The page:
Father and infant relationship

Do mothers really have stronger bonds with their children than fathers do?

father and infant relationship

whether father-infant attachments are formed a.t the same time as or after mother- infant relationships, and whether infants demonstrate preferences. Anderson, A. (). The father-infant relationship: Becoming connected. Unpublished doctoral dissertation, University of Utah, Salt Lake City. Google Scholar. the Father-Infant Relationship*. MICHAEL E. LAMB AND JAMIE E. LAMB**. The authors discuss several studies which invalidate the common presump- tion that .

The power of being there as a witness to the birth holds whether the father has had the chance to prepare for the event or not. He may be more comfortable with the physical event of birthing if he has been prepared, but the attachment experience between father and newborn seems to be an intrinsically powerful one.

But the period immediately after birth can find fathers vulnerable as well as engrossed. They feel less control over their own lives, inadequate to the task at hand, and marginalized in their relationship with their spouse.

The vulnerability of new fathers can be hard for new mothers to fathom. A new mothers is anxious to enjoy and practice her new maternal competence. Having her baby respond to her care of him or her is the best antidote to all her worry and concern about her inadequacy.

Precisely the same is true for fathers. In short order, the mother has the exclusivity she wants, but she has unwittingly lost her most important partner in care of the child. Does Paternal Care Matter to Babies? If fathers have the capacity to nurture their children competently but differently from mothers, does this matter to the children? Apparently so, according to two decades of research.

Eight-week-old infants can discriminate between their fathers and their mothers, and respond in a differential way to their approach. When they expected their father to hold them, babies hunched up their shoulders, widened their eyes, and accelerated their heart and respiratory rates. These subtle face-to-face differences in play, modulation, verbal and physical contact are mutually appreciated by the child, the father, and the mother.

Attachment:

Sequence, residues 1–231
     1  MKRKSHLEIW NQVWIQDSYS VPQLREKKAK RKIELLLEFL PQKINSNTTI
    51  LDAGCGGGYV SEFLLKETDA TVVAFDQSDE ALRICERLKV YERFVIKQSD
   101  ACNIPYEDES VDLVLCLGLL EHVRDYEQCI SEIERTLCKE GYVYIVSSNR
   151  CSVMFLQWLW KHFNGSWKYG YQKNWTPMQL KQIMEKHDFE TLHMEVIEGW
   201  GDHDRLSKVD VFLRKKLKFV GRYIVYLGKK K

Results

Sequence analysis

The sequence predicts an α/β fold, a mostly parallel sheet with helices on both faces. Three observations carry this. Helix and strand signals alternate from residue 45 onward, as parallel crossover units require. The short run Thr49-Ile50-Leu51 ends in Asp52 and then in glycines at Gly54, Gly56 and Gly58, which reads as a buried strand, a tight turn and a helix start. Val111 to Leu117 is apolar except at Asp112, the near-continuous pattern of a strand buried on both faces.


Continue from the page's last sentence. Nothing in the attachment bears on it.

Positive Effects of Male Involvement on Children's Development Male involvement, supported by responses from babies and women, has measurable, positive effects on the development of children. Examining 2-month-old infants from middle income, two-parent families, Parke and Sawin found that the more fathers participated in bathing, feeding, diapering, and other routines of physical care, the more socially responsive the babies were.

Furthermore, a year later these babies seemed more resilient in the face of stressful situations.

The importance of father-child bonding - The National

Male involvement has positive effects on the development of vulnerable, as well as typical, infants and young children. In their studies of preterm infants, Gaiter and Yogman found that early paternal involvement had a significant mitigating effect on the long-term vulnerability of these at-risk infants. Both researchers found that fathers who visited their babies in the hospital frequently, touched them, and talked with the nurses about them, were significantly more involved with their infants up to a year after discharge from the hospital.

Potentially as important were data suggesting that that the more present and involved the father, the more rapid the weight gain and earlier the discharge of the baby. Pause for a moment and think about how easy it is for the fathers in your NICU—or those you have known—to find their babies, touch them, and talk to you or anyone about how they are doing. The very vulnerability of the preterm infant is an important factor in eliciting protective and providing impulses from men.